As of today, you will find the NEWS of last week at the end of the Newsletter!
China’s gains power through Belt & Road investments, but resistance is growing
Today’s TextileFuture Newsletter shows the hegemonic power strategy of China, in facts and figures, as well as the growing resistance and the difficulties of states to get out of the financial engagements. It is based upon an enlightening feature of the New York Times.
China has created a modern-day counterpart to the Marshall Plan, the U.S. reconstruction programme after World War II that laid the foundation for America’s enduring military and diplomatic alliances. The New York Times shows a growing negative resistance of countries entering into a closer relationship with China.
Seven dams generate almost half of Cambodia’s electricity. China built and paid for all of them.
This one, near Cambodia’s southern coast, is about 360 feet tall. It is the fourth-largest by power output in the country.
Sri Lanka borrowed more than USD 1 billion from China for this strategic deepwater port, but could not repay the money. The port is now controlled by China, which is leasing it for the next 99 years.
South Africa turned to China for USD 1.5 billion for a coal-fired power plant. It is one of at least 63 such plants financed by China around the world, which collectively pollute more than Spain.
Zambia tapped China for USD 94 million to build a soccer stadium of over 50,000 seats. These are among the more than 600 projects around the world that China has financed to win new friends and develop new markets.
The World built by China
By guest authors Derek Watkins, K.K. Rebecca Lai and Keith Bradsher from New York Times
China envisions a vast global network of trade, investment and infrastructure that will reshape financial and geopolitical ties — and bring the rest of the world closer to Beijing.
It is a modern-day version of the Marshall Plan, America’s reconstruction effort after World War II, which created a foundation for enduring military and diplomatic alliances. China’s strategy is bolder, more expensive and far riskier.
Its money does not necessarily come with the usual rules. And the cost, for China and its borrowers alike, can sometimes be too high.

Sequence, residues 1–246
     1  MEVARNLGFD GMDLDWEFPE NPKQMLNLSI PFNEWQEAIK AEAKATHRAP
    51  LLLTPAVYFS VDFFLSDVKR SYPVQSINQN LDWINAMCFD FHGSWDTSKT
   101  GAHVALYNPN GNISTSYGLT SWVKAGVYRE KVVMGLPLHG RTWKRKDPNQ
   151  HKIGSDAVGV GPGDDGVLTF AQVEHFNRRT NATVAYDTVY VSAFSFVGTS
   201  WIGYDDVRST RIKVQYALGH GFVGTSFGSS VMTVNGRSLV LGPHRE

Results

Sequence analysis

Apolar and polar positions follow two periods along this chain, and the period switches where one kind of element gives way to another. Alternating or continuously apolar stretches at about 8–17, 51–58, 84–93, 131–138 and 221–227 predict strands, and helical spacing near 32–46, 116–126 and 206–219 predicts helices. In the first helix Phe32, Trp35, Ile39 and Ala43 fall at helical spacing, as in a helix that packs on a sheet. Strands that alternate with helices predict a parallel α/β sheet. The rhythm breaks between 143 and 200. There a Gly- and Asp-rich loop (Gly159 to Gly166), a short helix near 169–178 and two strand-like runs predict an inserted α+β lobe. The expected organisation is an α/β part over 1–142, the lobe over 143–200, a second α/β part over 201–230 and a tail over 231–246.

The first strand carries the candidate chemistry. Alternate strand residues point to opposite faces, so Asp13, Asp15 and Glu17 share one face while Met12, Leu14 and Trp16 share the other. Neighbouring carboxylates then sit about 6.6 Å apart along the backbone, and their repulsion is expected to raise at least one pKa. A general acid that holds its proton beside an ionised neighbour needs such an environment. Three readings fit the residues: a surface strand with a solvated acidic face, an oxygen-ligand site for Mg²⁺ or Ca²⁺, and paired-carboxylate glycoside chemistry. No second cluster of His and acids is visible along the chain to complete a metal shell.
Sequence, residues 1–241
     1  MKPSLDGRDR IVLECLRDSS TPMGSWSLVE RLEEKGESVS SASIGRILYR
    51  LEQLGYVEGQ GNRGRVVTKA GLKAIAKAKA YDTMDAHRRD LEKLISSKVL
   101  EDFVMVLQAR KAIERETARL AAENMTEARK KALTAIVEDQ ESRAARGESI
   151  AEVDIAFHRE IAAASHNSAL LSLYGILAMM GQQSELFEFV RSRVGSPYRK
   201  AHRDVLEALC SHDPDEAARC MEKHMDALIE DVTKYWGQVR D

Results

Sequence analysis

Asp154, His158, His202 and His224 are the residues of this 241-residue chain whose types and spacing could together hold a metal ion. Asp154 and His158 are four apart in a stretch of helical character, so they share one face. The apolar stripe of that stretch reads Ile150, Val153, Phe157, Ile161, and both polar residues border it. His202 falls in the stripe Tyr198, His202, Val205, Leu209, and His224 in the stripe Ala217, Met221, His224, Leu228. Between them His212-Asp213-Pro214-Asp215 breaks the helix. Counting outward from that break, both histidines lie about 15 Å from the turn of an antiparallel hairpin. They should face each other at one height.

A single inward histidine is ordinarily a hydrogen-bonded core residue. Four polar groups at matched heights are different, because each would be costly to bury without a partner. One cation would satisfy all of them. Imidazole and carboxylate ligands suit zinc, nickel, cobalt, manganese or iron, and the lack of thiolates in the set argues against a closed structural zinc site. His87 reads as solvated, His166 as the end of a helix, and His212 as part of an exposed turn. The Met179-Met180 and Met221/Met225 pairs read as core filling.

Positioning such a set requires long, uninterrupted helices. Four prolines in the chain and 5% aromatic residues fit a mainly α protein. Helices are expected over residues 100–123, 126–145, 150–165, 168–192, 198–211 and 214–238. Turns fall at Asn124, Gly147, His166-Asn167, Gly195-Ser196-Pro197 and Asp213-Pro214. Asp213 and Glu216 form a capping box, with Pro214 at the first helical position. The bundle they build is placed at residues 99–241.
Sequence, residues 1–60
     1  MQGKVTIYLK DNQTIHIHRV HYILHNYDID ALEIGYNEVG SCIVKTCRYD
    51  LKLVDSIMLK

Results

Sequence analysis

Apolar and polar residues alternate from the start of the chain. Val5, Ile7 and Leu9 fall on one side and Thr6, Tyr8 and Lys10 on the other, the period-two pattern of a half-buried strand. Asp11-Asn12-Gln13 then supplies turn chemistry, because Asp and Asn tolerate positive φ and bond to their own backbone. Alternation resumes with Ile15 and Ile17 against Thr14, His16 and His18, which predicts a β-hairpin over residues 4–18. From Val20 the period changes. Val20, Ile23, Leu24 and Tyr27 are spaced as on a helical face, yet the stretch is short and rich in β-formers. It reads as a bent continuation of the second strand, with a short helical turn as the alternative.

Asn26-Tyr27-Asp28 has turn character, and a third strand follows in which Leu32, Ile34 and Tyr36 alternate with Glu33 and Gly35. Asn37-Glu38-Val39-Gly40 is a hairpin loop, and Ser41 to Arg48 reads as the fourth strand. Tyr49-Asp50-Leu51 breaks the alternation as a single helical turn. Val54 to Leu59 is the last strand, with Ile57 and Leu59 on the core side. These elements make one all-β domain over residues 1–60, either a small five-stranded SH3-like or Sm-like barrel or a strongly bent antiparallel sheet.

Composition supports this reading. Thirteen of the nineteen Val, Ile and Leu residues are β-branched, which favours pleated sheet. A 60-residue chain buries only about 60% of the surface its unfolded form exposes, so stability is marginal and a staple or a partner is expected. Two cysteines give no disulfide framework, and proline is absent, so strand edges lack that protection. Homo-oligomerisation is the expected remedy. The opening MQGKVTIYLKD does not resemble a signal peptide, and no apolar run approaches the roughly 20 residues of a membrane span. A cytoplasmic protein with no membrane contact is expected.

We examined nearly 600 projects that China helped finance in the last decade, through billions of dollars in grants, loans and investments. Taken together, they show the scope and motivation of China’s strategy.
41 pipelines and other oil and gas infrastructure help China secure valuable resources.
203 bridges, roads and railways create new ways for China to move its goods around the world.
199 power plants — for nuclear, natural gas, coal and renewables — give China new markets for its construction and equipment companies.
We found 112 countries where China has financed projects. While most fall under its infrastructure plan known as the Belt and Road Initiative, Beijing has pushed beyond those boundaries.
After years of honing its construction skills at home, China is now deploying them abroad, including a series of hydroelectric dams.
China needs friends. And, literal bridges can help build figurative ones.
Large ports in Pakistan, Sri Lanka and Malaysia — three countries along a major oil and commerce route from the Mideast and Africa — could someday double as naval logistics hubs.
Beijing is heavily focused on its neighbours, lending them money for extensive road-building projects. Pakistan is running out of money to repay the loans, part of a broader pattern of what critics call China’s “debt trap” diplomacy.
China has a different view when it comes to labour and environmental strictures. To staff overseas projects, Chinese companies have flown in their own workers by the thousands, drawing complaints that they are doing little to create local jobs. Safety standards have been uneven.
And, Beijing continues to export polluting technologies like coal-fired power plants, even as such projects have become unpopular in China.
Western governments and multinationals generally steer clear of politically volatile countries. The Chinese government has been less skittish, lending heavily to nations like Venezuela, Nigeria and Zimbabwe.
But China’s lending is not usually largess. Countries that run into financial trouble must renegotiate their loans, putting them deeper into debt. Sometimes projects are left in limbo.
Ecuador spent over USD 1 billion to prepare a site for a USD 12 billion Chinese refinery that was supposed to be finished in 2013. It is stalled.
This analysis focused on projects valued at over USD 25 million that were partly or completely funded by a Chinese entity in the last 10 years. Projects that rehabilitate or expand existing infrastructure are included, in addition to new construction projects.
In addition to our own reporting, we compiled information on these projects from the following sources:
- The Construction Intelligence Center
- The Inter-American Dialogue’s China-Latin America Finance Database
- The China Africa Research Initiative at the John Hopkins University School of Advanced International Studies
- China’s Global Energy Finance, from the Global Economic Governance Initiative at Boston University.
- Reconnecting Asia from the Center for Strategic and International Studies
- China Global Investment Tracker from the American Enterprise Institute
- The Global Chinese Official Finance Dataset from AidData at the College of William and Mary
- International Rivers
Satellite images from Bing and Google Earth. List of One Belt One Road countries from the State Information Center in Beijing. Ocean traffic data from University College London’s Energy Institute and Kiln Digital. Road shapes from the Center for Strategic and International Studies.
Additional reporting by Karoline Kan, Ailin Tang and Tiffany May from New York Times.
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